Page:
The sun just barely touched the field at Fuller Farm as I started my hike.

By Rich Bard, SLT Executive Director

I arrived at Fuller Farm just as after the sun had risen over the far ridge – not such a difficult feat on the morning of the Winter Solstice when the sun rises at 7:11am. The first and only other time I had hiked these trails was in late summer, when the freshly mown hay was drying in the field before being baled and stored to feed livestock on winter days like this. With so many different ways to explore the trail system, I decided to start simple and take the outermost loop headed counter-clockwise.

The low sun shone right in my eyes as I headed roughly southeast adjacent to the road. It wasn’t long before I turned onto the Bird Trail and descended into the Nonesuch River valley, although the river isn’t visible until a bit later in the hike. As I made my way down the gentle slope, the sun seemed to reverse itself and disappeared behind the low hills across the river, leaving me in peaceful twilight. Although the trail is well-trodden by people and their dogs, signs of wildlife were evident for the observant visitor. Coyote tracks are easily lost among the dizzying array of large and small dog tracks that crisscross the trail. It took me a few minutes to find what I was looking for: a single set of dog-like prints that departed the trail and headed straight up a hill and out of sight. This was no playful dog running laps around his human companion, but a serious canid who was on his way to somewhere in his or her territory. I’ll often strike out on a tangent and follow these trails, but this morning I was focused on experiencing the hiking trails, so I stayed the course and continued on.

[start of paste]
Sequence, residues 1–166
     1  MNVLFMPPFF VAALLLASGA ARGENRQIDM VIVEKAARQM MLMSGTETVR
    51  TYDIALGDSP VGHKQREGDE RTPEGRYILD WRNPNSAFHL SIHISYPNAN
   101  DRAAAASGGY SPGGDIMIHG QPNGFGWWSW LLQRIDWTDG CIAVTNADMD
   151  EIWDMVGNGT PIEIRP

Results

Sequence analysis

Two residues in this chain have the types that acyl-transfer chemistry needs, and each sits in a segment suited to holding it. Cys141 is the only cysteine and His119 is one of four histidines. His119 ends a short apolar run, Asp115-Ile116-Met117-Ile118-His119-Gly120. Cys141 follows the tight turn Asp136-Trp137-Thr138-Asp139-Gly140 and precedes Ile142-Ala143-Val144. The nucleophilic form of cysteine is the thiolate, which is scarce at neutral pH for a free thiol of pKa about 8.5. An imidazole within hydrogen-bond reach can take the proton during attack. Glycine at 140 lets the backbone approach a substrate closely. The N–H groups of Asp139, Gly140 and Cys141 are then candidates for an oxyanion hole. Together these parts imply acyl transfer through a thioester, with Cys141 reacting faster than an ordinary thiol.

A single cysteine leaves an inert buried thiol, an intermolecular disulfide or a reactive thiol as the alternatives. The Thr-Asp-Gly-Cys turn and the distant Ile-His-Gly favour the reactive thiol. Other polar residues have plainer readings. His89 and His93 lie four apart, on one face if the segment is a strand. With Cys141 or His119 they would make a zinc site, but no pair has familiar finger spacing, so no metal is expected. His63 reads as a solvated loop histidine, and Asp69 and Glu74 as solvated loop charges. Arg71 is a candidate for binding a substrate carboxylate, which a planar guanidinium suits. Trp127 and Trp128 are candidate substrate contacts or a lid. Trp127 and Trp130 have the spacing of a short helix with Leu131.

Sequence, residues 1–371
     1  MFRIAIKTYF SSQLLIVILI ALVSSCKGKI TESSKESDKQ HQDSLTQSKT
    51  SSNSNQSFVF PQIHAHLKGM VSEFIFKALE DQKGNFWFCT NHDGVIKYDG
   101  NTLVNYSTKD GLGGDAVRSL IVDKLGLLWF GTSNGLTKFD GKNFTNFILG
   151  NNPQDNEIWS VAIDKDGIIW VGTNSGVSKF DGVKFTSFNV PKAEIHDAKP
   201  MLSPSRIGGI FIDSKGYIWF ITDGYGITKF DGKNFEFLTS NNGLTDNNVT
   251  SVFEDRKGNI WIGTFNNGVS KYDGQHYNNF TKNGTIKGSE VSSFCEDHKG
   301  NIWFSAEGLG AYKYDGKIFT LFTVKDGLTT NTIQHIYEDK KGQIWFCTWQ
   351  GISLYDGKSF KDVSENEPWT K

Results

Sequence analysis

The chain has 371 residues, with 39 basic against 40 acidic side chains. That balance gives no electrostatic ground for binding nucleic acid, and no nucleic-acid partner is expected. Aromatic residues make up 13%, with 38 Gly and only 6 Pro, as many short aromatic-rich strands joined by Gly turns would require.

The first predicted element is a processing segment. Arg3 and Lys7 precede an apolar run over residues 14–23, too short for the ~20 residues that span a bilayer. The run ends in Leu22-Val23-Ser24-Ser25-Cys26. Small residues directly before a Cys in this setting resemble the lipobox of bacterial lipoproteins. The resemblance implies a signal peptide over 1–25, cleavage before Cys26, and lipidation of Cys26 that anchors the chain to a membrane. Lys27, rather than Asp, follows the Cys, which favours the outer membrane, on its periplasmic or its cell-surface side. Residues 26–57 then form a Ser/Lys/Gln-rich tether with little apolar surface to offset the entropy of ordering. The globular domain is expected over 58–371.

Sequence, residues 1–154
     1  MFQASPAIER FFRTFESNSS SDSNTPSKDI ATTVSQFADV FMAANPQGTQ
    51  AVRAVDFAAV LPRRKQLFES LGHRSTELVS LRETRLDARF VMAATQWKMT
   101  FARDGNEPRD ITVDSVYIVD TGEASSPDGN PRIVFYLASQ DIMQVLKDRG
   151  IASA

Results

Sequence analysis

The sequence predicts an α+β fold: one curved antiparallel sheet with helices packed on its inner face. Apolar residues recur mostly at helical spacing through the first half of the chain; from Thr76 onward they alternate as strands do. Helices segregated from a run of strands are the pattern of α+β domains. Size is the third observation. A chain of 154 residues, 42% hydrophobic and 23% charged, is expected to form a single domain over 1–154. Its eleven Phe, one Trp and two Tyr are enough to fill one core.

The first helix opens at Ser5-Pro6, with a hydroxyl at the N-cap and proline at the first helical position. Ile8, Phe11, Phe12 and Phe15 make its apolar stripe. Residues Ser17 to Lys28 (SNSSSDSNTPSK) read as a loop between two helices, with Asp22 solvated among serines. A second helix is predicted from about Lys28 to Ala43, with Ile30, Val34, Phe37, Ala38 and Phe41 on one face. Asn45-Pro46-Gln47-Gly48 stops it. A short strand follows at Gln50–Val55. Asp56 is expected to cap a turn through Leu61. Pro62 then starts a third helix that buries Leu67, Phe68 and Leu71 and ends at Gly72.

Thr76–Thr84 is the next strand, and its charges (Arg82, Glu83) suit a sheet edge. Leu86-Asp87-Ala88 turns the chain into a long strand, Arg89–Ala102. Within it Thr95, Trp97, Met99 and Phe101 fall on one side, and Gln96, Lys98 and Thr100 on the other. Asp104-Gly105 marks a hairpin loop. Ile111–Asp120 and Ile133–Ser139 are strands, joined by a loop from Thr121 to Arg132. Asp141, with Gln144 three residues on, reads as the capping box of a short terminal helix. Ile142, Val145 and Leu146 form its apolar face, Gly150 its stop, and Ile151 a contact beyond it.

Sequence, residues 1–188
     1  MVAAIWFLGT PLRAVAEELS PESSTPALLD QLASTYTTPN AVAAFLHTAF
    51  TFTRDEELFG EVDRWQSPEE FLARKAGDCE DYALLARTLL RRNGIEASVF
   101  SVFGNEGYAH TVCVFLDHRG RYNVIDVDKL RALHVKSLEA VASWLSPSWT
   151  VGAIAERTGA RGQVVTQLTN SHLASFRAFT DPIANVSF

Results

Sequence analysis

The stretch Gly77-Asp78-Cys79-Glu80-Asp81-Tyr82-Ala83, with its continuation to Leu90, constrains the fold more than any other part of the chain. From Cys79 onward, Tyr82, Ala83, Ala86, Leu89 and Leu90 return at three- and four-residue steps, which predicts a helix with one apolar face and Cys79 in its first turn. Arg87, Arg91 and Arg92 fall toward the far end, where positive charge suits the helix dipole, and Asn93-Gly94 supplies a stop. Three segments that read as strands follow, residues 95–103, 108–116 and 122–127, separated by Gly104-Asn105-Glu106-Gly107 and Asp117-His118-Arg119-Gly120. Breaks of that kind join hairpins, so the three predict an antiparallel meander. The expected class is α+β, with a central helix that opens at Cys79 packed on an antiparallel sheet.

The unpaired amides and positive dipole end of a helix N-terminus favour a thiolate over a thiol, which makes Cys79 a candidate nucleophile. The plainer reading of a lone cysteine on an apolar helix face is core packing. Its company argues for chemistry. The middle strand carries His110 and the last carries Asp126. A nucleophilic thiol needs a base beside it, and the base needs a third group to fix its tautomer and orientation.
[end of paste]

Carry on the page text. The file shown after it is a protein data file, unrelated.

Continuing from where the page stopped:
The Nonesuch River winding it’s way to the sea.

After walking a short spur on the snowmobile trail, I finally got a view of the Nonesuch River as it flows beneath the snowmobile bridge. It was almost frozen over except where the flow is fastest. As the longest river in Scarborough, the Nonesuch is a conservation focus for Scarborough Land Trust. Since I’m new around here, I’m always observing how this small, but important river winds its way through so many different areas of town. I headed back to the Maine Trail, which constitutes most of the outer loop of the Fuller Farm trail system.

 

Sunlight glowing on beech leaves

Since my plan was to stick to that outer loop, I resisted the allure of the Brook Trail the first time I saw signs for it. The second time that trail intersected with the Maine Trail, though, I couldn’t resist the sign that read “To Waterfall.” I am so glad I decided to vary from my plan. The Brook Trail is absolutely lovely, with steep slopes overlooking a stream below. The sun peeked through the hemlock trees and lit up the straw-colored beech leaves that remain attached to the branches. (Did you know that beech are one of the only deciduous trees whose leaves remain attached to the tree all winter? Many oak leaves hang on for a while, but the branches are bare after a few heavy wind or snow storms.) There wasn’t much of a waterfall to see since the brook was frozen over and covered with snow, but the water burbling as it passed under the bridge let me know that there was indeed a brook there!

Skis and snowshoes are great ways to explore!

I completed my loop of the trails on the Hayfield Trail, the smooth snowy surface highlighting the undulations of the field. It was here, just before I completed my loop that I first saw signs of cross-country skiers and snowshoers, who had set off across the field to explore another corner of this very diverse 220-acre preserve.

This hike was a lovely way to welcome the beginning of my first winter in Scarborough. I look forward to exploring SLT’s other properties and sharing my observations. Happy Holidays to all!

The obligatory post-hike selfie